Cinematography: The Future of Still Film? SilvergrainClassics Fireside Chat #5
A 122 meter (400 ft.) can of Kodak Vision 3 motion picture film.
At the same time, there is a huge demand for negative film stock for still photography like Kodak GOLD, Ultra, Portra, and Ektar. Our choices have decreased with the discontinuation of the Fujicolor 400H, and although Lomo recently introduced a color film alternative, the demand is still higher than the supply.
A frame of 65mm Kodak Vision 3 250 shot with a Mamiya RB67 70mm long film back, cross processed in C-41 chemistry. In this case, the remjet removal partly failed, leading to heavy streaking on the image.
That’s the picture we still photographers see, and many people are speculating about what the future will bring. What stocks are available for still photographers as well as cinematographers? Could motion picture film fill in the gaps for still photographers? Can it really be made practical and affordable for small batch home users? What about scanning?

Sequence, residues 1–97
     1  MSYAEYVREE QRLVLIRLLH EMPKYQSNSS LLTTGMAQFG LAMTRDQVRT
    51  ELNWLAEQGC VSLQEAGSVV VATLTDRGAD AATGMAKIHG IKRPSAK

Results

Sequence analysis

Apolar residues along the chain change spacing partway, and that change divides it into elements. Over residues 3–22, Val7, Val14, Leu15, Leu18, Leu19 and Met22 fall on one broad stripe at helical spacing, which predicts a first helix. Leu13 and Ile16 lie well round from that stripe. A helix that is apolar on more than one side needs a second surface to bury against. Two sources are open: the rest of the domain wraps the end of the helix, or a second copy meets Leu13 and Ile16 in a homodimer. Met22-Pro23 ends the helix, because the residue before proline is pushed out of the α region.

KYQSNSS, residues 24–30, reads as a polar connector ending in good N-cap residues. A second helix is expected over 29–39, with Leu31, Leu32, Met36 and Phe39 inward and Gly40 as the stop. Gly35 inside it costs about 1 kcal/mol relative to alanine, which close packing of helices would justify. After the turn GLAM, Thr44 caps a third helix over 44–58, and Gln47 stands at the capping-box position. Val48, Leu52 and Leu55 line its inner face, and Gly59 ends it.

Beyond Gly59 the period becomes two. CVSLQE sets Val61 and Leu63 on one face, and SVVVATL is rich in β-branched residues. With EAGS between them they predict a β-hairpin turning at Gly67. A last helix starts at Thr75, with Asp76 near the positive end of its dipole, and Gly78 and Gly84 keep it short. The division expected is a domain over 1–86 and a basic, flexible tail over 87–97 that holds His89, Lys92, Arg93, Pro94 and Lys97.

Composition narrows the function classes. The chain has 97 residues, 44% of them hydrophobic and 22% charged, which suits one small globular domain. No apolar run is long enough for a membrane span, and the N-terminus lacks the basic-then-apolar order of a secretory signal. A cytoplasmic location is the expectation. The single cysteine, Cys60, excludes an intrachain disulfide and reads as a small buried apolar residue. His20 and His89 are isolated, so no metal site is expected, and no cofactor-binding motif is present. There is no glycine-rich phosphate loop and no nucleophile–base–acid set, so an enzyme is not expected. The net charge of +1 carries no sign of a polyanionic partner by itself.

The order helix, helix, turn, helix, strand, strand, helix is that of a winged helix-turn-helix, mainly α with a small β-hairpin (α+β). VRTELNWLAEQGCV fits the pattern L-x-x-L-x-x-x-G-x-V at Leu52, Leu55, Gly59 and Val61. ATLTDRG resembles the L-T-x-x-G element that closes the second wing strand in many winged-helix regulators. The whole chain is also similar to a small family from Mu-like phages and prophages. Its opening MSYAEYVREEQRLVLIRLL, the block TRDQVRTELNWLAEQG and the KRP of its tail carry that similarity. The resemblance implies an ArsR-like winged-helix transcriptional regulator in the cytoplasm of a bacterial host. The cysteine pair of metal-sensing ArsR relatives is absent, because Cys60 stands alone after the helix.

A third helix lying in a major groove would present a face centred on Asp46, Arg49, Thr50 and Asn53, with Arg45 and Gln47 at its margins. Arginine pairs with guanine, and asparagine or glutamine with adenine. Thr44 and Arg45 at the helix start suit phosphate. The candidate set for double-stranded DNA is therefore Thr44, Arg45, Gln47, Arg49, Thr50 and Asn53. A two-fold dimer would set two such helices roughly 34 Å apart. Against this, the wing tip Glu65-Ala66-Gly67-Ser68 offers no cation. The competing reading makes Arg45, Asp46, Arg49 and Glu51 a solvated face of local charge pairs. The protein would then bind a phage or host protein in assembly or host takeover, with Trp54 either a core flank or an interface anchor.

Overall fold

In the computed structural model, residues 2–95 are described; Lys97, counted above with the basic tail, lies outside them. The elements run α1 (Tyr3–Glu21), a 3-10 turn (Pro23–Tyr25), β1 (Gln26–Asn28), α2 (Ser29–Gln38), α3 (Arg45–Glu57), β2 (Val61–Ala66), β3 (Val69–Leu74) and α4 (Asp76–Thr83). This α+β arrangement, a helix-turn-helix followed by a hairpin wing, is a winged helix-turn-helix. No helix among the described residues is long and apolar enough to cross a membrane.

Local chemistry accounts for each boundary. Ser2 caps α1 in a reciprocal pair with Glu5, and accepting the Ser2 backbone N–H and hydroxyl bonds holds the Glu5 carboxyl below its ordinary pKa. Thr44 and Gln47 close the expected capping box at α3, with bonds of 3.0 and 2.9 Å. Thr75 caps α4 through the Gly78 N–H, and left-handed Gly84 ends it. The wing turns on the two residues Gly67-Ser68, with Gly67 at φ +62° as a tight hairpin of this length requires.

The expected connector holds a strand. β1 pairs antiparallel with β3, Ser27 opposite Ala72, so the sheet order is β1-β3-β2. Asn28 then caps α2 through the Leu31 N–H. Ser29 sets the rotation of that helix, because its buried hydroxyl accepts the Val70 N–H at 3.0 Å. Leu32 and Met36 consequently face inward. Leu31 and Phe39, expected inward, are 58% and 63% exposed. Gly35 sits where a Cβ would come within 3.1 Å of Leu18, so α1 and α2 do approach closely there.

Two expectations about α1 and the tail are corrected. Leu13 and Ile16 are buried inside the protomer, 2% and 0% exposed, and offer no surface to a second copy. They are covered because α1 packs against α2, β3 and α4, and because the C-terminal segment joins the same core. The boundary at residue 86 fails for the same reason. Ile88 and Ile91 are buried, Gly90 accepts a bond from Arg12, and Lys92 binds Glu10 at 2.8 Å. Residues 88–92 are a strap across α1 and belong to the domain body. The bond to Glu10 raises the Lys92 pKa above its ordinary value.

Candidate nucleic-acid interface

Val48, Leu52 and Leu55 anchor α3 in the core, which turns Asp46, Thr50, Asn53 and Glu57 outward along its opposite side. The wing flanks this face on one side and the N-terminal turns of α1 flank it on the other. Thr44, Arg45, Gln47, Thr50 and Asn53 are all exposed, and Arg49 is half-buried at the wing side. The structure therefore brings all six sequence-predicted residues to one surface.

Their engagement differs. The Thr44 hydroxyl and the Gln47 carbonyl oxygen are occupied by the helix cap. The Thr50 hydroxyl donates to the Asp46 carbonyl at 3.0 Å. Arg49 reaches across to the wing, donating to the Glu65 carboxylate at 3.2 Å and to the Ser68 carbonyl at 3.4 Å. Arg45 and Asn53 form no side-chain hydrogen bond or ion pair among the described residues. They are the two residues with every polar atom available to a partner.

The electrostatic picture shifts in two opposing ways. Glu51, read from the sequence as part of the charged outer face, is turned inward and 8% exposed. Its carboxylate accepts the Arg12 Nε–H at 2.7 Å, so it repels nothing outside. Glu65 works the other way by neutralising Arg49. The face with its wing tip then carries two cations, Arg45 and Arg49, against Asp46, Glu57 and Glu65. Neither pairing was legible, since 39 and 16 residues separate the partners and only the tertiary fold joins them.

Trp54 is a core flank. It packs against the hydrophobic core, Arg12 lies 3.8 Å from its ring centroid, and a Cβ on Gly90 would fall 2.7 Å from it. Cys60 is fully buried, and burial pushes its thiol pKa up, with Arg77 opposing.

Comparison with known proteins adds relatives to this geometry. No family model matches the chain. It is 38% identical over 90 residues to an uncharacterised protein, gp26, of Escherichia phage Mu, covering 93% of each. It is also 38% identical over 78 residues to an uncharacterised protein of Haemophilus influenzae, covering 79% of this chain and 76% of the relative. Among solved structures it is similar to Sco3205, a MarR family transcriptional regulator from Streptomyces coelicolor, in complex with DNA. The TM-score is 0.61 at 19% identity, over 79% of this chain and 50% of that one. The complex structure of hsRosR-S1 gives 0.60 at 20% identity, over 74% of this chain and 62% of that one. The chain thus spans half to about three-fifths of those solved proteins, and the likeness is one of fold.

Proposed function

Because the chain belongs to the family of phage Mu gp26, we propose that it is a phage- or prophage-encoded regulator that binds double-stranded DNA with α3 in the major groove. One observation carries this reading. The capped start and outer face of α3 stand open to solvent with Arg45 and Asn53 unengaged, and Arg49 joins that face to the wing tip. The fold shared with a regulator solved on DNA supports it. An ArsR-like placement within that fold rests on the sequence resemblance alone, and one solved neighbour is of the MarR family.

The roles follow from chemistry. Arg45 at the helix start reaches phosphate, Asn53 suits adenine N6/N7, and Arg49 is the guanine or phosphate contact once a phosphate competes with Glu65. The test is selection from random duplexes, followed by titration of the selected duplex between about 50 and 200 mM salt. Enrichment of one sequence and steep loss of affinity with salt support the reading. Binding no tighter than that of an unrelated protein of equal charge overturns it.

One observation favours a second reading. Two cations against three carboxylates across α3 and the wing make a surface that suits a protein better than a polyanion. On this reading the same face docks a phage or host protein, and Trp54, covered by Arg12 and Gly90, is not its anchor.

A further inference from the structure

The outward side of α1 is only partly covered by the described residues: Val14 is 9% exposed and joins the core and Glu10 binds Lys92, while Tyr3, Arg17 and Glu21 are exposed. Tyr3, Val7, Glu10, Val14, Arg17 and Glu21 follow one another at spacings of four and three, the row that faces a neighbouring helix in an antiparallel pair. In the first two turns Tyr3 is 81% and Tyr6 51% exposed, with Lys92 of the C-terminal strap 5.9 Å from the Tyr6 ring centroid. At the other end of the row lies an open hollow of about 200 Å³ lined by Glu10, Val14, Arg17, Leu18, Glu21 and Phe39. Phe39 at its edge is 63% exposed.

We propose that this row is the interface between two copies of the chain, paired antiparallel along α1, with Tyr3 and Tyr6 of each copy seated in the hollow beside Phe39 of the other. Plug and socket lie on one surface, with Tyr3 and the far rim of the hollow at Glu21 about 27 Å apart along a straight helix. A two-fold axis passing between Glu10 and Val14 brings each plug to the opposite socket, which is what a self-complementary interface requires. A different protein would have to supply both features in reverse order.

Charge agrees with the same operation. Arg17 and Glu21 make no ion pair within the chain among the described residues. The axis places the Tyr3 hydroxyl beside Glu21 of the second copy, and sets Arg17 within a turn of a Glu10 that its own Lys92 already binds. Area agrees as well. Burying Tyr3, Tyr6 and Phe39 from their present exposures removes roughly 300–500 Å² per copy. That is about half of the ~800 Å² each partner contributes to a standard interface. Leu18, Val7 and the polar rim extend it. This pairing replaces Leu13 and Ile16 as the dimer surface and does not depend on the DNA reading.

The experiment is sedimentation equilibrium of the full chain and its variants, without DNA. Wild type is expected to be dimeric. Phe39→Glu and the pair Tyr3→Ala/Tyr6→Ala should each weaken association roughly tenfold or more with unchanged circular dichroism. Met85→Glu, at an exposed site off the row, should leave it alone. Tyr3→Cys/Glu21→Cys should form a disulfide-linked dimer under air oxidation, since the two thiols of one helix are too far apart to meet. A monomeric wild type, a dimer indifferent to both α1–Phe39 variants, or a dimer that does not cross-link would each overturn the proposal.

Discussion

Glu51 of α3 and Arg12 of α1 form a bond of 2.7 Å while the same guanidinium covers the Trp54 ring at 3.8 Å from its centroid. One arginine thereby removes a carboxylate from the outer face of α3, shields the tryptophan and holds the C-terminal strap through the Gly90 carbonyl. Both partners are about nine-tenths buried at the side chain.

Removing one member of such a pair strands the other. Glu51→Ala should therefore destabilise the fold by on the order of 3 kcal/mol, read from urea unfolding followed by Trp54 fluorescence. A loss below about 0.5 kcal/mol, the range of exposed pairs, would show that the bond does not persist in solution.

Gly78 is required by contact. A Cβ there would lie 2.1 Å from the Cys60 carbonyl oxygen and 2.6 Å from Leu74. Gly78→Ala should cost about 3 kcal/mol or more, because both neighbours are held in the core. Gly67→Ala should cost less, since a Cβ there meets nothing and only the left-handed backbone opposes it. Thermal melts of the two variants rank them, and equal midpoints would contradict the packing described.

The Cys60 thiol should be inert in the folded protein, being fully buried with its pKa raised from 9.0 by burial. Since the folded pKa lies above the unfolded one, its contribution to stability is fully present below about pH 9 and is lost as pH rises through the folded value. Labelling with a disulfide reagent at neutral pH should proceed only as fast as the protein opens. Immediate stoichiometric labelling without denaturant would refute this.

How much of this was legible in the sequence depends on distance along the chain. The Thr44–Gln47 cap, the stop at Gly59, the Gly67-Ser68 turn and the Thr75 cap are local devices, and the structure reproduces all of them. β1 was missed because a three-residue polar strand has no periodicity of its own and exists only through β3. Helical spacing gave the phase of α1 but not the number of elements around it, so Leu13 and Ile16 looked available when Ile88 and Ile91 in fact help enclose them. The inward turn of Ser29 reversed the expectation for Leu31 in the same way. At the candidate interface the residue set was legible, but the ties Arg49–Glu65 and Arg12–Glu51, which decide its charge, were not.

To get an insight into today’s Motion Picture world, and also to consider its stock for still photographers, we have gathered an interesting group of guests for our next Fireside Chat. They can give us a first-hand impression of where the movie industry is going, and if it could be a support for the future of still film photography.
You can watch the fifth Fireside chat with Antonio Rasura, ( Eastman Kodak, Director of Motion Picture Services), Thomas Bergmann (Silbersalzfilm), Michael Boxrucker (cinematographer and instructor for Kodak), Peter Fries (Managing Director OMNIMAGO, Motion Picture Scanning and Restoration) and our special guest, Bellamy Hunt, the “Japan Camera Hunter” here: